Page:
In the Middle Ages, uninformed and inadequate theories about embryology led some theologians to speculate that specifically human life capable of receiving an immortal soul may not exist until a few weeks into pregnancy. While in canon law these theories led to a distinction in penalties between very early and later abortions, the Church’s moral teaching never justified or permitted abortion at any stage of development.
These mistaken biological theories became obsolete over 150 years ago when scientists discovered that a new human individual comes into being from the union of sperm and egg at fertilization. In keeping with this modern understanding, the Church teaches that from the time of conception (fertilization), each member of the human species must be given the full respect due to a human person, beginning with respect for the fundamental right to life.
Two things come to mind. First, the same people that will use some theologians' opinion of post-conception ensoulment are the ones who criticize us for being anti-scientific. The theologians were using bad science when they were making these pronouncements. It was the best stuff out there at the time but it's clear that the church was wise in never promulgating, never endorsing, never teaching any of it. That was the Holy Spirit not letting the gates of hell take over us.
Secondly, the very idea that Speaker Pelosi would comment on this the way that she has shows that she really doesn't believe her own hype. She says that religion shouldn't be part of government and advocates a strict separation of church and state but, when asked about abortion, she not only misrepresents Catholic teaching but she sprints to do so. Why not just say that she believes this? Why lie about what the church teaches in an effort to involve religion?
Lastly, we need to applaud the bishops of this country for taking a stand. We whine when we think that they didn't respond harshly enough. Let's let them know that we appreciate this one.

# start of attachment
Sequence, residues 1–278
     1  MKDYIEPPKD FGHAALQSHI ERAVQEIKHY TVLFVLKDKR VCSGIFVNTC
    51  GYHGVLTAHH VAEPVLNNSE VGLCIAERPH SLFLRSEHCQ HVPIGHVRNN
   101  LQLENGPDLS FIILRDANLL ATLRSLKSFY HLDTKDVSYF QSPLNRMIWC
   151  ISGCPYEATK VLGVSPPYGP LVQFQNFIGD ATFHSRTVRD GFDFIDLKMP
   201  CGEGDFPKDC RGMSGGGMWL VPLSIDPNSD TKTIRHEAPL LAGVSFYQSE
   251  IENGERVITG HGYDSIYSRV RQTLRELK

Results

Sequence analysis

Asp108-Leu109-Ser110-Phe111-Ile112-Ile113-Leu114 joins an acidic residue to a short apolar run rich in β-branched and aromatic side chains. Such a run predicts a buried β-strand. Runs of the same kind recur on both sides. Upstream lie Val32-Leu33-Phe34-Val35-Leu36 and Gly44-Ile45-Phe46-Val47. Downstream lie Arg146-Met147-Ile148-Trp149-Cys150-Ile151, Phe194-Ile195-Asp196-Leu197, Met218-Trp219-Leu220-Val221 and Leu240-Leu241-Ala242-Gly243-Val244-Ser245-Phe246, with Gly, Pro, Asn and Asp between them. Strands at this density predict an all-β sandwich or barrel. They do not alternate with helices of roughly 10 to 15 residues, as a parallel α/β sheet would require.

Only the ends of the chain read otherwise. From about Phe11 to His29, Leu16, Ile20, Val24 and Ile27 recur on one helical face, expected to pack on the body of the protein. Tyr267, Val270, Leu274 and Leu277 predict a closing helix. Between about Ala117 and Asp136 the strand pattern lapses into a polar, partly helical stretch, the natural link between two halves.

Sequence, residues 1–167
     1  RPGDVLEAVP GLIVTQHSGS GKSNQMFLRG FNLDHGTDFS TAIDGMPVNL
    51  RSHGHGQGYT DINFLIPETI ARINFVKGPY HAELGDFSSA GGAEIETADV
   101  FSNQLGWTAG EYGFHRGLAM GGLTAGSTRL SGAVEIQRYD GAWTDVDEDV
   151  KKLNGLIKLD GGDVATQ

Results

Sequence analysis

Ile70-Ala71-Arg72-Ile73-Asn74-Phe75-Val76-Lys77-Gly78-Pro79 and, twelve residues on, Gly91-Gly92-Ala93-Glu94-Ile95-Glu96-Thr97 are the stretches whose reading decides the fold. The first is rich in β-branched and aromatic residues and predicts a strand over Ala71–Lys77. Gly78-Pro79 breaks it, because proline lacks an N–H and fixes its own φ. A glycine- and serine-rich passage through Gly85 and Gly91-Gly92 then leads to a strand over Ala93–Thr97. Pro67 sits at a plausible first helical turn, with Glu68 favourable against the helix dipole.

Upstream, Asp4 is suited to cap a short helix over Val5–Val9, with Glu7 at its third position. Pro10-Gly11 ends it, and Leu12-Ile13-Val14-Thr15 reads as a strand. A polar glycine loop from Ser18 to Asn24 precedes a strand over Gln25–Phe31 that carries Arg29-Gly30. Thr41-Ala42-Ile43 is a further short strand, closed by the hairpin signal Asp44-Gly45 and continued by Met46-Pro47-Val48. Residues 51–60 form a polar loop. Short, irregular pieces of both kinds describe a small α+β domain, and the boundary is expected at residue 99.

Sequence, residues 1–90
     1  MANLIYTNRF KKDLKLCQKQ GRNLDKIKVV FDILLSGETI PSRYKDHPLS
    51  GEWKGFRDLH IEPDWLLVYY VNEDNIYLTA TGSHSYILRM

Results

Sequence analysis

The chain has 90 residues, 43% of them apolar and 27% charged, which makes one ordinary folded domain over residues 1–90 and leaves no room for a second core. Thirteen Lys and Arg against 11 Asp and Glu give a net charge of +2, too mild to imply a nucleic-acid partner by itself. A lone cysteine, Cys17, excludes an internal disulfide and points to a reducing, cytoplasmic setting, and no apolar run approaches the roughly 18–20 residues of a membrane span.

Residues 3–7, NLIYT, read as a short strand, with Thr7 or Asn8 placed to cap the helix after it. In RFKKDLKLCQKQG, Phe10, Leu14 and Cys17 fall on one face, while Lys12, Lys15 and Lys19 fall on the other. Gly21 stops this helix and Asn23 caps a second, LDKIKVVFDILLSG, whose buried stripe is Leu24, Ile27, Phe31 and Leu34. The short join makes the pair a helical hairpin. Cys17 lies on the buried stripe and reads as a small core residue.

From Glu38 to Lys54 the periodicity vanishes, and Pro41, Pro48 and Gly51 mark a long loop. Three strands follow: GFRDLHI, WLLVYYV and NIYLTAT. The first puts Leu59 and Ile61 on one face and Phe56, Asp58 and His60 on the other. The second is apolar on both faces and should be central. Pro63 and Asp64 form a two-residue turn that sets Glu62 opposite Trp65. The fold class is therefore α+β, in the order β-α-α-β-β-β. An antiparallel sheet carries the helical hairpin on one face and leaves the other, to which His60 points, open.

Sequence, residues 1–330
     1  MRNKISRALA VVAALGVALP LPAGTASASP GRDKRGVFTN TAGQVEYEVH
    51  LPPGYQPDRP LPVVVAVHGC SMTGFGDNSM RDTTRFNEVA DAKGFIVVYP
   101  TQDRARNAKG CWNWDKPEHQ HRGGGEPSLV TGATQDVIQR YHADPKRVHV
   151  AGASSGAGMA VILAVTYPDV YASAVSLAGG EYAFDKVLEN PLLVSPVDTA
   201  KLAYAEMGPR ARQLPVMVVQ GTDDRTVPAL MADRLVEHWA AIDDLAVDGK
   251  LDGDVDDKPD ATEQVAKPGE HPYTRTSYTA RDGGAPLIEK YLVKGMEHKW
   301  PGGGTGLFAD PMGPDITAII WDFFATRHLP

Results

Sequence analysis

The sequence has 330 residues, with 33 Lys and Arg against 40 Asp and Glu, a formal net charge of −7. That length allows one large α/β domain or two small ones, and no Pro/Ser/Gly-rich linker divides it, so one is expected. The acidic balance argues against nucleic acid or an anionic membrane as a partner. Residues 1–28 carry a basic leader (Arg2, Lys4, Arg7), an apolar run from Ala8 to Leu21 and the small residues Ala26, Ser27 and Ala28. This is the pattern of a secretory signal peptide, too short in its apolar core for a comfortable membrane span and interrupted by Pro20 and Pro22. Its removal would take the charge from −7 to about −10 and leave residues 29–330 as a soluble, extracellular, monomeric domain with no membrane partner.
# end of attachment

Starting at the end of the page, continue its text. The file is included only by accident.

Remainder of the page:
Tuesday, August 26, 2008
That was when I checked my rear-view mirror and noticed that I had backed into my unopened garage door. For some reason, the thing must have gone part way up, stopped and gone back down.
I pulled forward, got out, and got the door open enough so that I could get to my visit. I felt like such an idiot! I'm sure it showed.
The only good news was that ruining the garage door didn't stop me from remembering that today is the release date for Heroes season 2 on DVD! So, I stopped at Walmart at 12:05 and became the first customer to get it. I watched one episode and remembered the excitement I had when last season was still new. It wasn't a great season overall but I can't give up on it.
Monday, August 25, 2008
The adversaries of Humanae Vitae (The Pope's 1965 encyclical that clarified the question of contaception) also could not have foreseen one important historical development that in retrospect would appear to undermine their demands that the Catholic Church change with the times: the widespread Protestant collapse, particularly the continuing implosion of the Episcopal Church and the other branches of Anglicanism. It is about as clear as any historical chain can get that this implosion is a direct consequence of the famous Lambeth Conference in 1930, at which the Anglicans abandoned the longstanding Christian position on contraception. If a church cannot tell its flock “what to do with my body,” as the saying goes, with regard to contraception, then other uses of that body will quickly prove to be similarly off-limits to ecclesiastical authority.